August 16, 2017
1 min read

FDA grants priority review to Adcetris for cutaneous T-cell lymphoma

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The FDA granted priority review to brentuximab vedotin for the treatment of cutaneous T-cell lymphoma, according to the drug’s manufacturer.

The agency set a target action date of Dec. 16.

The supplemental biologics license application included topline data from the phase 3 ALCANZA trial, designed to compare brentuximab vedotin (Adcetris, Seattle Genetics) — an antibody-drug conjugate directed to CD30 — with standard therapies in 128 patients with cutaneous T-cell lymphoma (CTCL) that required systemic therapy.

Objective response that lasted at least 4 months (ORR4) served as the primary endpoint. Secondary endpoints included complete response rate, PFS and reduction in symptom burden.

A higher percentage of patients treated with brentuximab vedotin achieved ORR4 (56.3% vs. 12.5%; P < .0001).

Differences in all secondary endpoints also were highly statistically significant in favor of brentuximab vedotin.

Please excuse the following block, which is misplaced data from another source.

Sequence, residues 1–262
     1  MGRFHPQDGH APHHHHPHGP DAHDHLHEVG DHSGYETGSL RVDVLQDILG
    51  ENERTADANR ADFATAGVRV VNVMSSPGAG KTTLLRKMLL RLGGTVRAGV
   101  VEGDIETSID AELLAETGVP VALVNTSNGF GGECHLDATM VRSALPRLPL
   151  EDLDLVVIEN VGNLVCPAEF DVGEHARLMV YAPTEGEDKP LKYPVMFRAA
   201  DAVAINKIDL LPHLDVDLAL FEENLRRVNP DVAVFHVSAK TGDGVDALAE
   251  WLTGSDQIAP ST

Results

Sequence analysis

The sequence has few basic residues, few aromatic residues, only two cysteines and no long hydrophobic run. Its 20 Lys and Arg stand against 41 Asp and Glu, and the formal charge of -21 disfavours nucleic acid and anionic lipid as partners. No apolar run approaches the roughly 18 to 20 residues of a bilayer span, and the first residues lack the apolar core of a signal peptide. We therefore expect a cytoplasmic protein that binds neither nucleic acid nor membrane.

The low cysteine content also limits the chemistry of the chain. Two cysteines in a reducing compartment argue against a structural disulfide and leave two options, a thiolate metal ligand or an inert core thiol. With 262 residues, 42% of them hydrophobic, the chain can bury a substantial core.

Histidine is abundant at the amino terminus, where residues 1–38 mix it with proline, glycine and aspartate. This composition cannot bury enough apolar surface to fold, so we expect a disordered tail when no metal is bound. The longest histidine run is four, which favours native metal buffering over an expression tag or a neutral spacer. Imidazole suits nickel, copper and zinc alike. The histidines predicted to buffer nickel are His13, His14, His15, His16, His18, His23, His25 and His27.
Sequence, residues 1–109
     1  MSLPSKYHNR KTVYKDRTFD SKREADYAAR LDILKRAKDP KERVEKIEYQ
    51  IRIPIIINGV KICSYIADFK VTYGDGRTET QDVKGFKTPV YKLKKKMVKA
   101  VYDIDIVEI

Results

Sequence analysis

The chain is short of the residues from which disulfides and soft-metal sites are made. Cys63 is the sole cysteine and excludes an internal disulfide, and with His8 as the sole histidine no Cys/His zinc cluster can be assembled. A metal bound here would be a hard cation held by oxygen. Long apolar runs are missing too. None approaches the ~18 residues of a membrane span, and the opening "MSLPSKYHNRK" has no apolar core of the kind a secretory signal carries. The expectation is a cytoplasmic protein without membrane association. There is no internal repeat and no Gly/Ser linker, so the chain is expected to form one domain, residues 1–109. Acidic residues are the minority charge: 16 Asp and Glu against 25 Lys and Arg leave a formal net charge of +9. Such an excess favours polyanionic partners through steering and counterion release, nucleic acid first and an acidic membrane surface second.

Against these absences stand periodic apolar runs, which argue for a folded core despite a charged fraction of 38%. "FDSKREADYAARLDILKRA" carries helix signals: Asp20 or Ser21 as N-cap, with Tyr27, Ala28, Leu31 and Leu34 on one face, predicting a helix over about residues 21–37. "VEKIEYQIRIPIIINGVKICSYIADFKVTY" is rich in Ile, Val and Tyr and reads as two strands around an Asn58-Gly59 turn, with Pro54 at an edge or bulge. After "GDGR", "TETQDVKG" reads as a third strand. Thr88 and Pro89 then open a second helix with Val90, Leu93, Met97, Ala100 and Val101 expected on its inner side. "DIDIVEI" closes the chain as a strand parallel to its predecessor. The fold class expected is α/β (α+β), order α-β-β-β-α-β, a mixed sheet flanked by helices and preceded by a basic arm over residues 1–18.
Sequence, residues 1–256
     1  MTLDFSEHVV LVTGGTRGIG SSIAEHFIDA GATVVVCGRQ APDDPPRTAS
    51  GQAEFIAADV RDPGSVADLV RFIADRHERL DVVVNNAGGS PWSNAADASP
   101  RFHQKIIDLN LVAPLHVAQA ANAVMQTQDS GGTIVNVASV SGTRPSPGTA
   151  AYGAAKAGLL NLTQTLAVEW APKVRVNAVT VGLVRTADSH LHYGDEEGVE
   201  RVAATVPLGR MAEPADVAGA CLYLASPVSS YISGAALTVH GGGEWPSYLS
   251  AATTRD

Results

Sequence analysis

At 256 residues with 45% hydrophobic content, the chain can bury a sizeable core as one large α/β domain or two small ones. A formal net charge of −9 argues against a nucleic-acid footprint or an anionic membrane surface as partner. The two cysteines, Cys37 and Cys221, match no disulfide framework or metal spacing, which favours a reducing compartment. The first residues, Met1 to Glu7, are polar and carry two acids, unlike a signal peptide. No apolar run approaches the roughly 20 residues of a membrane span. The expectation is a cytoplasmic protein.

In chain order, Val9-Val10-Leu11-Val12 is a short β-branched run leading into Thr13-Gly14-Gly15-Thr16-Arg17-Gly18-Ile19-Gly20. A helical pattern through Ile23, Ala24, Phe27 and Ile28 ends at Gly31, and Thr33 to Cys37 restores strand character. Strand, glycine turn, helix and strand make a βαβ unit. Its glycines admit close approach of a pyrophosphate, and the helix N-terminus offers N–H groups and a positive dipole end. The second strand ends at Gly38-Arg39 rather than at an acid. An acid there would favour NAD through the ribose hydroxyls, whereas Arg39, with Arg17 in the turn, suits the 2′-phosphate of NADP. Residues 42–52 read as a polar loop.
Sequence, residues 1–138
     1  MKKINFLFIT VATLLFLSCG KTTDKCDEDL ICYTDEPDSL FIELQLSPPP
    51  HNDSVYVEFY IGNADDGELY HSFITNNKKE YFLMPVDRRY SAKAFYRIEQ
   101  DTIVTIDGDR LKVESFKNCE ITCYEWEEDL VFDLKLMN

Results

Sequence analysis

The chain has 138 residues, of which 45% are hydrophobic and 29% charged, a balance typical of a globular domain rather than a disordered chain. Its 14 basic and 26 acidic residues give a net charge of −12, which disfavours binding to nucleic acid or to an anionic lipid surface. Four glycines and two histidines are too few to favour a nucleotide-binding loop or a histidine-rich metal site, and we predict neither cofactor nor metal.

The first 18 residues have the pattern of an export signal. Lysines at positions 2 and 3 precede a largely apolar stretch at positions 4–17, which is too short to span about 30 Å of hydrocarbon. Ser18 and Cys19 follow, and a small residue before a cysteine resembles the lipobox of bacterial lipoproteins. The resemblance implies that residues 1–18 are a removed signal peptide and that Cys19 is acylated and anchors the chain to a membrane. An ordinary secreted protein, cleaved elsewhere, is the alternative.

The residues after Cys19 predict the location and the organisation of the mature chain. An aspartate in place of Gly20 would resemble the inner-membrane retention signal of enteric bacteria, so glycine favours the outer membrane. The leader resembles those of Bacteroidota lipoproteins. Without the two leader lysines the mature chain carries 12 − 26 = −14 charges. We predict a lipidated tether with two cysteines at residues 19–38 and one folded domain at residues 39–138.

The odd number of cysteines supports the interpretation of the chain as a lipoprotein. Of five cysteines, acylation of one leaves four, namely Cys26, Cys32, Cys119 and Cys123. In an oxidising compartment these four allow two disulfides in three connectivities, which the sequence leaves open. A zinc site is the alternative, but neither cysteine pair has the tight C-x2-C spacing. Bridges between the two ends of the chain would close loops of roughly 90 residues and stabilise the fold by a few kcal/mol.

The agent’s safety profile appeared consistent with existing prescribing information. The most common adverse events included anemia, peripheral sensory neuropathy, nausea, diarrhea, fatigue and neutropenia.

Additional data from two investigator-sponsored phase 2 trials designed to compare brentuximab vedotin with standard therapies also have been incorporated into the supplemental biologics license application to support the potential for a broader label in CTCL.

“The FDA’s filing of our supplemental biologics license application with priority review status represents a significant milestone toward our goal of making Adcetris available to CTCL patients who require systemic therapy,” Jonathan Drachman, MD, chief medical officer and executive vice president of research and development at Seattle Genetics, said in a company-issued press release. “We look forward to working with the FDA during the review of our application for Adcetris in CTCL, which, if approved, would be the fourth indication for this product.”

The FDA previously granted breakthrough therapy designation to brentuximab vedotin for the treatment of patients with CD30-expressing mycosis fungoides and primary cutaneous anaplastic large cell lymphoma who require systemic therapy and have received one prior systemic therapy. These represent the most common CTCL subtypes.